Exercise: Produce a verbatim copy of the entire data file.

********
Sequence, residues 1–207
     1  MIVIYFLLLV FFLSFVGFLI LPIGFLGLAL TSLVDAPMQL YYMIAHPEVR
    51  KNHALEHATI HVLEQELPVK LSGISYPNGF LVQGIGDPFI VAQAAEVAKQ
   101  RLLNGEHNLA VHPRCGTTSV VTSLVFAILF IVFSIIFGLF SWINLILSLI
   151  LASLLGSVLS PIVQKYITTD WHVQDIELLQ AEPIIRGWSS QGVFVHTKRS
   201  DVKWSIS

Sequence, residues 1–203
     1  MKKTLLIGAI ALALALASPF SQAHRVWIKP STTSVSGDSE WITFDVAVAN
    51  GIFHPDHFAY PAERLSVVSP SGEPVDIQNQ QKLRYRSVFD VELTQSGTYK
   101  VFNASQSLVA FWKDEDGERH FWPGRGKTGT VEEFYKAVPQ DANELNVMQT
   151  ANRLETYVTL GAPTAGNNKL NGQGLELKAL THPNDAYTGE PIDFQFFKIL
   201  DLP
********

Sequence, residues 1–207
     1  MIVIYFLLLV FFLSFVGFLI LPIGFLGLAL TSLVDAPMQL YYMIAHPEVR
    51  KNHALEHATI HVLEQELPVK LSGISYPNGF LVQGIGDPFI VAQAAEVAKQ
   101  RLLNGEHNLA VHPRCGTTSV VTSLVFAILF IVFSIIFGLF SWINLILSLI
   151  LASLLGSVLS PIVQKYITTD WHVQDIELLQ AEPIIRGWSS QGVFVHTKRS
   201  DVKWSIS

Sequence, residues 1–203
     1  MKKTLLIGAI ALALALASPF SQAHRVWIKP STTSVSGDSE WITFDVAVAN
    51  GIFHPDHFAY PAERLSVVSP SGEPVDIQNQ QKLRYRSVFD VELTQSGTYK
   101  VFNASQSLVA FWKDEDGERH FWPGRGKTGT VEEFYKAVPQ DANELNVMQT
   151  ANRLETYVTL GAPTAGNNKL NGQGLELKAL THPNDAYTGE PIDFQFFKIL
   201  DLP